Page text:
This afternoon I put out a tweet looking for a talented Myspace layout designer as part of my work with Melbourne artist management company Forum5. I got a few sarcastic responses back from some of my followers saying that I was stuck in 2002. While Myspace is definitely not the youngest or freshest music company on the block (and actually started in 2003) it’s still relevant for artists today.
Myspace is still the one place every artist needs to be and it could take a while to replace that. It’s the number one directory of all artists, big or small, where you are pretty much guaranteed to find a page featuring their music and some personal details.
When people are searching for artists they’ll often type in the artist name followed by the word “myspace”. I do the same thing when I’m looking for a wikipedia article about a given topic. It’s because I am looking for specific information that I know that particular site will have. In the case of the wiki search it is likely to have dates, facts and (hopefully) little opinion. When I’m looking for an artists I want to be able to stream their music, see a couple of photos, find out where they’re from and see how many people are following them.
iTunes doesn’t offer an alternative to this because you need to be within their app to search for music rather than from a web interface. Furthermore iTunes is a closed system for artists requiring you to pay money to third parties to have your music listed there. iTunes also lacks a lot of the more detailed information about the artist such as their last played show or photos from their upcoming video clip.
Former Myspace users might think that Myspace is dead or irrelevant because they’ve moved over to Facebook or Twitter. The reality is that Myspace is no longer a social utility, it’s not “a place for friends” but it’s still a great music discovery engine.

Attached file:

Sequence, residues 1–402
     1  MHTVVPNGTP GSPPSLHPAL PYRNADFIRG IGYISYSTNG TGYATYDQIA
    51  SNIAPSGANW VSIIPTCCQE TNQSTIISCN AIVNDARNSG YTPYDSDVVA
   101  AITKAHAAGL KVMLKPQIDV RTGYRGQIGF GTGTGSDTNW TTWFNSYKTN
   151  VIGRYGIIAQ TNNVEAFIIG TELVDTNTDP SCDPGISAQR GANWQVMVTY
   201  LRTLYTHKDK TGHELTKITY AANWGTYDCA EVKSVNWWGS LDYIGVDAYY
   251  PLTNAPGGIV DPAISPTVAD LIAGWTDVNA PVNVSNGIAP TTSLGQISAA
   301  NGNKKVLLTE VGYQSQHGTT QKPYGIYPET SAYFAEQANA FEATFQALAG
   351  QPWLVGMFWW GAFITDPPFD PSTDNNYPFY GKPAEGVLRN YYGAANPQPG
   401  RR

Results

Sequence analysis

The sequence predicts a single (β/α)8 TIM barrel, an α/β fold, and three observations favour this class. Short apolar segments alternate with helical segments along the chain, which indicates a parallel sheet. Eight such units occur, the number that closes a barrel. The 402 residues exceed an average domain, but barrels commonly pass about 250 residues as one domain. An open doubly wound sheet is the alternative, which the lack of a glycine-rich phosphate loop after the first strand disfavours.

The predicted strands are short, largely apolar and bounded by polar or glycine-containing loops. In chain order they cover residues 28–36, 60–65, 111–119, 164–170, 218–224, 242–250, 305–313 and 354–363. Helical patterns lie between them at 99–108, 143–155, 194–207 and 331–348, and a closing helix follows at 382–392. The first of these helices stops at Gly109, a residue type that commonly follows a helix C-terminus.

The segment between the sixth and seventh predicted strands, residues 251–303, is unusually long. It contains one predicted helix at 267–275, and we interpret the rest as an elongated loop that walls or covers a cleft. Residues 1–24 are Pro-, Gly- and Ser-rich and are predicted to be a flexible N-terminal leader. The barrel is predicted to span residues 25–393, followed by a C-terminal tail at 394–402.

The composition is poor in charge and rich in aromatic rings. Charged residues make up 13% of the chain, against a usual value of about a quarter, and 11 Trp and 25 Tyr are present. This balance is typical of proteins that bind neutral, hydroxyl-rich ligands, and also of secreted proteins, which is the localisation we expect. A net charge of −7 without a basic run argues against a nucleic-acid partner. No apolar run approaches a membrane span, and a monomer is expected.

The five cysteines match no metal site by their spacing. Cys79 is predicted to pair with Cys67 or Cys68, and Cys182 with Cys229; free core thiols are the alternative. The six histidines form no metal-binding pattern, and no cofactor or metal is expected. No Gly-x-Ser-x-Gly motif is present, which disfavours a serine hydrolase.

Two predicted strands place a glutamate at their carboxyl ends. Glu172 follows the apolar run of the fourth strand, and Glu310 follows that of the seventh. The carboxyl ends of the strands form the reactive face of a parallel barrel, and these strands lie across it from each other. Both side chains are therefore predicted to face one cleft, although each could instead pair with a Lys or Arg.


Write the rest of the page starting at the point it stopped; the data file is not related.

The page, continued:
I’m not arguing that it’s the best platform, there are definitely a lot of holes in it. There are better places to use to sell your music and your merchandise, to promote your shows and even to build your fan base – and these can all be seamlessly integrated into a Myspace profile. However Myspace is still the number one directory that every musician needs to be in so they can be easily found by prospective fans or casual listeners.
My advice to music talent is to create a great looking Myspace (you need to be there!) but also to look a little further afield. Setup a Facebook page and a Last.fm account and embed these widgets on your Myspace page. Create a slick looking site on The Sixty One and use this as your band site with your own custom url. Setup a Twitter account and update it daily with stuff like what you’re listening to, photos or snippets of new tracks. And then synch it to your Myspace/Facebook/Last.fm and The Sixty One profiles so you can update once and push to many.
What do you think? Am I completely off the mark or is this self-evident?
P.S. I did find a couple of guys who do great Myspace layout work over at Synapse.